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Did you know that rubber doesn’t grow on trees, it flows through their trunks! Natural rubber is a tree sap – a latex – produced by the rubber tree (Hevea brasiliensis). This tree is native to the Amazon rainforest, where it grows wild among the hundreds of other rainforest tree species. And it can be harvested without harming the tree

Rubber tapper from Acre State, Brazil © Simon Rawles
Rubber tapper from Acre State, Brazil © Simon Rawles

While most of the world’s natural rubber comes from plantations, mostly in Asia, communities of rainforest dwellers still exist in the Amazon who tap this rainforest bounty that here we like to call Wild Rubber, because it is truly wild!

Despite massive changes over the last 100 years in the world’s rubber trade, rubber tapping is still a locally important economic activity in some parts of the Amazon. It is especially important for certain communities living in very remote areas of the rainforest.

WWF has been working with rubber tappers in the Brazilian, Peruvian and Bolivian Amazon.

For six years, thanks to the Sky Rainforest Rescue partnership between Sky and WWF, we worked with more than 60 rubber tappers in the Brazilian state of Acre. We helped equip them with the know-how and tools to produce sheets of rubber that could then be sold into industry. These tappers, and many others supply shoe firm Veja, who uses the rubber in their shoe soles. Check out their rubber story.

We also supported the production of coloured rubber sheets that are turned into final products without any other processing than that which happens in the forest by the rubber tappers themselves. This rubber is crafted into beautiful jewellery by designer Flavia Amadeu and can be used for other handicraft products.

In Peru and Bolivia, WWF has also been supporting work with rubber tappers. The common thread is that by improving market conditions for the people who sustainably harvest forest resources, we are helping promote forest conservation at the same time as improving lives.

But until 2015, these experiences remained isolated from each other, when our staff from Brazil, Peru and Bolivia led a first exchange. We believe this was the first time that rubber tappers from these different parts of the Amazon were able to meet in person to share their knowledge and discuss the future of their trade.

The exchange participants © WWF-Brazil
The exchange participants © WWF-Brazil

 

Different contexts, different experiences

While tapping the trees is done much in the same way, what then happens with the latex collected can vary quite a lot from place to place.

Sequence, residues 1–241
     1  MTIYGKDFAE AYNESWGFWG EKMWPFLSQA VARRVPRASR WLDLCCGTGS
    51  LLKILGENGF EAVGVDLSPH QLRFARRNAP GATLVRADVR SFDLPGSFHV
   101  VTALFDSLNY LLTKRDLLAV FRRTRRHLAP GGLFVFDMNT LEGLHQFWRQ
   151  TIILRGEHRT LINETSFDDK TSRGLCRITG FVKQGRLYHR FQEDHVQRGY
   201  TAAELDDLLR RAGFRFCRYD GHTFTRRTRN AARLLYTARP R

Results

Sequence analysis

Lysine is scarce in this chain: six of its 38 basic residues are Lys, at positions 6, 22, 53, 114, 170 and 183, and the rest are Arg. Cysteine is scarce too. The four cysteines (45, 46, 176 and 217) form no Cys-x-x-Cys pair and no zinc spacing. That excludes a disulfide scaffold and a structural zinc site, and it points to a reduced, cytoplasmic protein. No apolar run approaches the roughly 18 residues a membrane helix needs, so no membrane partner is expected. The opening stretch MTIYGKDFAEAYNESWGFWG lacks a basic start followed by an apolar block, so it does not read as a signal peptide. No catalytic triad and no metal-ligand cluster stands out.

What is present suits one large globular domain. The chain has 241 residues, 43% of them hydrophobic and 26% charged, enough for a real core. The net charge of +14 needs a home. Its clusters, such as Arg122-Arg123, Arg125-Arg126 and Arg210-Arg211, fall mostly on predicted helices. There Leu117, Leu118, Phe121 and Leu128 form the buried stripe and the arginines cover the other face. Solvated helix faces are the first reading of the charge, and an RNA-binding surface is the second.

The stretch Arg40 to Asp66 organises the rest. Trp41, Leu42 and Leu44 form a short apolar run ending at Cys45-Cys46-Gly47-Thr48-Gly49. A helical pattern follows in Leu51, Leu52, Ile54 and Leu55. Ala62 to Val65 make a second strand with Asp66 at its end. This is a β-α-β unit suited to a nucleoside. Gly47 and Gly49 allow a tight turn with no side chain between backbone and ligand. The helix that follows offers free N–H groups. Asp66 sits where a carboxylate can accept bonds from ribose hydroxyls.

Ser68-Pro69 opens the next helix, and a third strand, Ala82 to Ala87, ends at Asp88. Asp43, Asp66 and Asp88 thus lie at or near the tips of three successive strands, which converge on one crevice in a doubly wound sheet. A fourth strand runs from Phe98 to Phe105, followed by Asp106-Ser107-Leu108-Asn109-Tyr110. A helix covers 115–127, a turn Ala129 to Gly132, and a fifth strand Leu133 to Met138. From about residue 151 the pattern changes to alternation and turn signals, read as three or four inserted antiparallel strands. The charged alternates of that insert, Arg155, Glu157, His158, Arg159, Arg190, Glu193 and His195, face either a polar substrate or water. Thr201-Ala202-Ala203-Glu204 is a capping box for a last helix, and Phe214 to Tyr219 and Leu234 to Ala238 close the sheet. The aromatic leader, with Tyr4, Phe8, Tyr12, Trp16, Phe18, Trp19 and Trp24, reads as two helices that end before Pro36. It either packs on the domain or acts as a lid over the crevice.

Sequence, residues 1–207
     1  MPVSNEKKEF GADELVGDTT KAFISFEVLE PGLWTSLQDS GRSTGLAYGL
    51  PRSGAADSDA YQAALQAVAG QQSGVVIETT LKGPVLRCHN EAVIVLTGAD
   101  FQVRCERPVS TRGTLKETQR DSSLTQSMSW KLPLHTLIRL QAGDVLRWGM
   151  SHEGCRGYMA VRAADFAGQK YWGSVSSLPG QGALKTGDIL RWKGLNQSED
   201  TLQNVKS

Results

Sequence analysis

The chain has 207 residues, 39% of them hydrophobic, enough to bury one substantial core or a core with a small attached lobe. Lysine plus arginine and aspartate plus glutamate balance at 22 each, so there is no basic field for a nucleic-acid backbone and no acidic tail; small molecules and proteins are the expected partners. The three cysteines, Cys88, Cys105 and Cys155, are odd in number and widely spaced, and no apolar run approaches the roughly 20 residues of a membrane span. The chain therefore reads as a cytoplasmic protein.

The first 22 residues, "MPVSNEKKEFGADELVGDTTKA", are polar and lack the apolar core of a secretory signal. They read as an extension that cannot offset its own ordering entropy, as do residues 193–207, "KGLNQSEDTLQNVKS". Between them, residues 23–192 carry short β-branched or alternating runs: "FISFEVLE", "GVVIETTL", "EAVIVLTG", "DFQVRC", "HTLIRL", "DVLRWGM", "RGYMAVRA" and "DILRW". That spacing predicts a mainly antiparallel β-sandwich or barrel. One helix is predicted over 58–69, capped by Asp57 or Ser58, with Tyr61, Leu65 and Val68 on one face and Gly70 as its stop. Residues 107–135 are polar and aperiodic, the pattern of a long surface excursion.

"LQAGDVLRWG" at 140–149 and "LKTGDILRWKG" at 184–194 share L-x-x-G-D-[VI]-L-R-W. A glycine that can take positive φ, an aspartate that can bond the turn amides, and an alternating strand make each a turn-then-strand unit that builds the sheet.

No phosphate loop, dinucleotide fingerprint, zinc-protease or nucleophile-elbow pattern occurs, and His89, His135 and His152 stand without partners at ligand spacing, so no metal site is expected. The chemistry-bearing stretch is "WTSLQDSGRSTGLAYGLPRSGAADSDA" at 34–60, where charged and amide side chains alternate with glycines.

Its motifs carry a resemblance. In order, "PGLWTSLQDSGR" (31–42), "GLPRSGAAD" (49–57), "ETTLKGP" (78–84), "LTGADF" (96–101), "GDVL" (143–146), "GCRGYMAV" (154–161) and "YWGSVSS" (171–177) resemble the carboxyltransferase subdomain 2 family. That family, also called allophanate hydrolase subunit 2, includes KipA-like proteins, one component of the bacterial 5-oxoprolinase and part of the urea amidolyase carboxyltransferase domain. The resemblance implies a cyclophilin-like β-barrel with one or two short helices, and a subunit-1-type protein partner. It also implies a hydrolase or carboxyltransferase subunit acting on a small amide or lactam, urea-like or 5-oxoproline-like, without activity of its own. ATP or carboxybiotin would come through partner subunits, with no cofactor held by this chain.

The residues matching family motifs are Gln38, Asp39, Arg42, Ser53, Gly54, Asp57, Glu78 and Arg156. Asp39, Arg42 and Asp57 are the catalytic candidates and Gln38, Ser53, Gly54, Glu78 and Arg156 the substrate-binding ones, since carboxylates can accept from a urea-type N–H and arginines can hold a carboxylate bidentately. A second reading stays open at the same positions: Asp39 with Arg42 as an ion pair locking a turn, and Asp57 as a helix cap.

A participant holds the type of rubber sheet that is used for Veja’s soles © WWF-Brazil
A participant holds the type of rubber sheet that is used for Veja’s soles © WWF-Brazil

One rubber tapper José Rodrigues, nick-named the Master of Rubber for his knowledge of the subject, has pioneered the manufacture of shoes that are 100% wild rubber which he sells in São Paulo and Brasilia.

In Peru, a cooperative of rubber tappers working in the town of Iberia called Ecomusa produce a similar type of sheet rubber that they sell to a European company called Piola for shoe soles. Another group coats cotton with the latex to produce a type of vegetable leather that can then be made into bags and other accessories.

For Kaline Rossi, WWF-Brazil, the exchange sought to demonstrate the different realities that exist for rubber tappers.

Rubber tapper holding a sheet of coloured rubber © WWF-Brazil
Rubber tapper holding a sheet of coloured rubber © WWF-Brazil

 

“Many of them live in the Amazon in isolated areas and hardly leave their communities. So, we wanted to address not only the issue of the rubber, but also show other things that can help them live responsibly and generate income from the forest, such as tourism and agriculture. We also wanted to offer something that would enrich the participants not only professionally, but personally.”

For Edith Condori, of WWF-Peru, working with wild rubber is also about working with cultural identity “More than talking about markets, it is important to remember that wild rubber tapping is a way of life – it’s a strong cultural issue, it’s the identity of a people.”

In their words

These two videos give you an insight into the lives of the rubber tappers in the Brazilian Amazon.

Going wild for rubber

Check out our brochure from 2014 (PDF) that gives an outline of the different types of wild rubber being produced, their uses and how they can be obtained.